If you ask a group of imaging center directors what their No. 1 concern is, you’re likely to hear reimbursement and lots of grumbling about the Deficit Reduction Act. And for good reason. As you know, the DRA has brought significant drops in reimbursement for procedures across the board (approximately $2.8 billion in cuts to Medicare from 2007 to 2010), except for mammography, through a cap on some CPT codes that were higher than hospital outpatient rates and freezing CPT codes that are already lower than hospital outpatient rates. The DRA also reduces the technical component for certain imaging services performed on contiguous body parts and caps the technical component of the physician fee schedule payments for physician office imaging services at the rate paid to hospital outpatient departments.
But as you’ll see in our special section on Imaging Centers this month, facilities with initiative are fighting back with a combination of streamlined workflow, digital technology investment, sharper pencils and a push to increase patient volume and satisfaction.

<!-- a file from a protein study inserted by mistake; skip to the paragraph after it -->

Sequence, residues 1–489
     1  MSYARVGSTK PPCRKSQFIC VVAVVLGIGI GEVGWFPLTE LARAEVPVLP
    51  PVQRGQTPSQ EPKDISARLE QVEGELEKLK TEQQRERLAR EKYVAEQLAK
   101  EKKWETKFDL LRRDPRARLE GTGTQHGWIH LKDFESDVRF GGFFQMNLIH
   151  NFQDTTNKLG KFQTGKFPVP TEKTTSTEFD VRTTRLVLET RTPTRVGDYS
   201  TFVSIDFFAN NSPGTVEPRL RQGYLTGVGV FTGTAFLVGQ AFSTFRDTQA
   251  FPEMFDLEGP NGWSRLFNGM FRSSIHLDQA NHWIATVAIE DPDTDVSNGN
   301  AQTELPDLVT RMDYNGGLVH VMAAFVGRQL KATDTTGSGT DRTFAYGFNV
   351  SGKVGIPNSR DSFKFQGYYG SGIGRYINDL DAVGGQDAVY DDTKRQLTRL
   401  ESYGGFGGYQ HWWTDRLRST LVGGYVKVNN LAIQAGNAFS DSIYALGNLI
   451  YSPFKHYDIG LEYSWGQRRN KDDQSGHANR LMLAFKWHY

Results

Success also means differentiating yourself from the competition in terms of technology such as integrated RIS/PACS, digital radiography, digital mammography, and voice recognition, delivering excellent customer service, making scheduling easy, optimizing the patient experience from scheduling through checkout, automating as many functions as you can for patients (directions to the facility and for procedures) and for staff, guaranteeing rapid report turn around and offering sub-specialty reads. Sound like common sense? Remember, common sense isn’t common.
Thriving not just surviving further means a good strategy for storing short term and long term the increasing volume of images generated by 64-slice CT and digital mammography.
Even with the struggle DRAs bring, Baby Boomers are making sure there’s no lack of demand for imaging services. For imaging centers employing smart business decisions and maximizing technology and people, the sting of the DRA can be less painful.